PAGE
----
In the interests of comradeship Edd Mustill @ejmustill examines a few concepts that should be banned in discussions between left-wing activists. Edd invites you to add your own suggestions in the comments box below.
“People are very angry”
People get up in meetings and say this all the time, before going on to explain how the conversation they had with someone on a bus inviolably proves whatever perspective they’re trying to shoehorn into their speech. Let’s not endow anger with some innate political context. I get angry when I can’t open a tin of tomatoes, but it doesn’t make me want to go and set fire to the Treasury.
We’ve all heard anarchists talking about getting the icepick out, and Trots talking about “doing a Kronstadt.” I’m as much a fan of fatal inter-revolutionary conflict as the next comrade, but can we at least give these tragic historical events the respect they deserve, and not bring them up because your mate’s anarchist mate has taken your seat in the pub?
“People’s Front of Judea”
It was funny in the film. It hasn’t been funny since.
“There already is a social democratic/radical/revolutionary party, and it’s Labour/The Greens/The RSDLP” [delete as appropriate]
Stop trying to get everyone to disband and join your party. It’s not going to happen. There’s a reason why people aren’t in your party, and it’s probably because they don’t agree with its political programme. You’re not going to change that by banging on about how you’re the only game in town.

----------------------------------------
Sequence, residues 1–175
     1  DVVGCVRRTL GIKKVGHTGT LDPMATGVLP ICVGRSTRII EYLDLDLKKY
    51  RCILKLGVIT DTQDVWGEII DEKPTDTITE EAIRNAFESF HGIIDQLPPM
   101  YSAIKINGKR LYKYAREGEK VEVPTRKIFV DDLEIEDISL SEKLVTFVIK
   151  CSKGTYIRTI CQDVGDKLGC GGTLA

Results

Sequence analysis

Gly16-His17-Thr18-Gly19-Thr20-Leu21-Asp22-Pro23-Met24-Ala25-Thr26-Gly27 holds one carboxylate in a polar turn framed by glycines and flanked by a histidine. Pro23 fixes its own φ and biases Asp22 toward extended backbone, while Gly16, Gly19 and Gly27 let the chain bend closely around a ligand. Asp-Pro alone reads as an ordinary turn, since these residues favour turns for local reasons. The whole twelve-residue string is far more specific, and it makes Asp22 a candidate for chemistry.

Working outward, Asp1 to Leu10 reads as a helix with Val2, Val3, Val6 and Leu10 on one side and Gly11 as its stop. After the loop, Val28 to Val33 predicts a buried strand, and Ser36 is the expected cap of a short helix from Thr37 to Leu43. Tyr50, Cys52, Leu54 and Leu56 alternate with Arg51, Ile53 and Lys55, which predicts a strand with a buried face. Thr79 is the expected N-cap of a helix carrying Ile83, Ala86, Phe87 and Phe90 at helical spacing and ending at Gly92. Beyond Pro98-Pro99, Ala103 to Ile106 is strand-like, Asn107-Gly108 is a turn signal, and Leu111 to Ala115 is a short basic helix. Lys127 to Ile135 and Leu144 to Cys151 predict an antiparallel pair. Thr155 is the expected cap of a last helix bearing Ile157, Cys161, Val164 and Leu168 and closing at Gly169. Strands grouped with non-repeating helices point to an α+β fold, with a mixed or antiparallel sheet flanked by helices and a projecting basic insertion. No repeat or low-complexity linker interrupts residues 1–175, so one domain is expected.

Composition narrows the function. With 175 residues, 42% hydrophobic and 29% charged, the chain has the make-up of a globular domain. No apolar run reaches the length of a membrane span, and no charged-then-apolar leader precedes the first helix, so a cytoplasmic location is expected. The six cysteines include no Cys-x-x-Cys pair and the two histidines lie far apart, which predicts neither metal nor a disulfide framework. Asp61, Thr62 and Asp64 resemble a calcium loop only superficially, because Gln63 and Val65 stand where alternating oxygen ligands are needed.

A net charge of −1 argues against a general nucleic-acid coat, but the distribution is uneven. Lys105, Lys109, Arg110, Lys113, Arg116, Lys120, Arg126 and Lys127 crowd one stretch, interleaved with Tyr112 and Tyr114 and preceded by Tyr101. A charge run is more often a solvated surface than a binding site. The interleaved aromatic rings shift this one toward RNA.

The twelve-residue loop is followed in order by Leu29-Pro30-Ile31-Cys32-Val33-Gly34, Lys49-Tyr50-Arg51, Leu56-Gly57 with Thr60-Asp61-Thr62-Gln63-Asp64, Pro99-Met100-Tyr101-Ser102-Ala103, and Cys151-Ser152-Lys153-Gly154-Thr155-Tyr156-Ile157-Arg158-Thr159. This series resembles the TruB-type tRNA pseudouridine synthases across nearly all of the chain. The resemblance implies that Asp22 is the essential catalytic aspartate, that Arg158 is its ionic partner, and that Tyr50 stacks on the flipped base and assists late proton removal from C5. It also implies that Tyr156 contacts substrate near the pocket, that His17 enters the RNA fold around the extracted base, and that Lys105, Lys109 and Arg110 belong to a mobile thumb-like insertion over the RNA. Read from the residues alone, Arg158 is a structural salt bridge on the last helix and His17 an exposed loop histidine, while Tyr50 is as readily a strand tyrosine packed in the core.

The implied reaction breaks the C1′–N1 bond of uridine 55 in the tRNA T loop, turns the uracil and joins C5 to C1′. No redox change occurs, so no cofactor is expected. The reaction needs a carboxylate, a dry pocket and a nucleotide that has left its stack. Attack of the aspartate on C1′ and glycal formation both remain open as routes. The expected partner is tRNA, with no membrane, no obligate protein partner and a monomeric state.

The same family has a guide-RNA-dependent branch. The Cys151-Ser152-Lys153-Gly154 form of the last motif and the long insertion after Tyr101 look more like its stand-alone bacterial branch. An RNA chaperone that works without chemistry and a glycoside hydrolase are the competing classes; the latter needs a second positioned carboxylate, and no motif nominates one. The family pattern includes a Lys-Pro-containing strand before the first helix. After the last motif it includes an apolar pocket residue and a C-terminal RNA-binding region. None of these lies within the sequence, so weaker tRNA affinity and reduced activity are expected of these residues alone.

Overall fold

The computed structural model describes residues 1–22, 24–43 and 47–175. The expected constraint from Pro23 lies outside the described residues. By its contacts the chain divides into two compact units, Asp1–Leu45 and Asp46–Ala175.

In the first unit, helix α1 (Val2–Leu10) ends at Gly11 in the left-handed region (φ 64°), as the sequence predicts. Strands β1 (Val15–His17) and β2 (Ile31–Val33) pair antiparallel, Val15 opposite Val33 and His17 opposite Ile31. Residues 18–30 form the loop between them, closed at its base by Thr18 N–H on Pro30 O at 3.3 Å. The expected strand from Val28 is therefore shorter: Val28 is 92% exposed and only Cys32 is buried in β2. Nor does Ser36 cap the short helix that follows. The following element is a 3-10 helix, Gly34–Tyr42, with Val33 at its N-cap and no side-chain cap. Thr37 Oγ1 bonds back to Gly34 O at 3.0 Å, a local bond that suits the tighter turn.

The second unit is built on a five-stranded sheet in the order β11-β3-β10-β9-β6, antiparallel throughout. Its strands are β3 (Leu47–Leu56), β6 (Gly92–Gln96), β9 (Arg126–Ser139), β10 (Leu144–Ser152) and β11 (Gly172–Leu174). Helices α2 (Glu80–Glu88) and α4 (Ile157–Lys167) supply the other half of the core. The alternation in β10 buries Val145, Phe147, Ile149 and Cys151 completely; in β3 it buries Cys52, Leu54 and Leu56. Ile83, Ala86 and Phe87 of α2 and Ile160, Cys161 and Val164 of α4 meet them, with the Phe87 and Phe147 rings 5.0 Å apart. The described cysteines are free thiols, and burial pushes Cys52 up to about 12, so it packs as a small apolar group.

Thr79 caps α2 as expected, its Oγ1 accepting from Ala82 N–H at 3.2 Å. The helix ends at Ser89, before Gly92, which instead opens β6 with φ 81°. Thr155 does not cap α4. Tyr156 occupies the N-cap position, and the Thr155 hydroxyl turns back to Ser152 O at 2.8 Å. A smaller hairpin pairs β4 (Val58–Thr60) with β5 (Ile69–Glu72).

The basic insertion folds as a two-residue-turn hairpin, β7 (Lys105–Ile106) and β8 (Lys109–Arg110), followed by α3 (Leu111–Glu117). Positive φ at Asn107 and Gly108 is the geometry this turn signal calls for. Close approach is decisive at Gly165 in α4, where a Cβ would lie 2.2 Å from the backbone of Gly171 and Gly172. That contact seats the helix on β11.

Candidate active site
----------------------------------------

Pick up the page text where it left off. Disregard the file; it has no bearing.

“There already is an anti-cuts campaign, and it’s Unite the Resistance/Coalition of Resistance/the National Shop Stewards Network/The People’s Charter” [delete as appropriate]
See above. Incidentally, the National Shop Stewards’ Network isn’t a shop stewards’ network. If only.
“Why can’t we focus on attacking our real enemy, the Tories”
When used by people who don’t want to, or can’t be bothered to, debate something. The worst expression of this is people who say “I would respond to this criticism, but I’m off to a union meeting,” or “I’ve not got time for this, I’ve got a bedroom tax meeting to go to – I haven’t seen YOU there by the way.” A century of working-class intellectuals turn in their graves every time someone does this. There’s no such thing as being too busy to think.
When used to describe anyone whose industrial strategy is different to yours. Sure, the deliberate wrecking of meetings happens in the movement. We’ve all seen it. But not many people actually want to wreck the unions. Someone mildly criticising your favourite left-wing general secretary doesn’t make them an unforgivable traitor to the cause of This Great Movement of Ours. And while we’re at it…
Please, please, please, have a coherent analysis of the unions before you use these terms. They’re important, they’re not just insults and buzzwords to throw around when it’s convenient.
“Marxists think X”
When used to mean “My group thinks X.” Saying “Marxists think capitalism should be overthrown” is fine. Saying, for example, “Marxists think the USSR was state capitalist” is disingenuous, and does a disservice to the rich and varied traditions of Marxist thought.
Spurious historical comparisons
“The Bedroom Tax is the new Poll Tax.” No it’s not. It’s completely different to the Poll Tax. Some of the tactics used by the anti-Poll Tax movement are relevant, some aren’t. Let’s talk about it properly.
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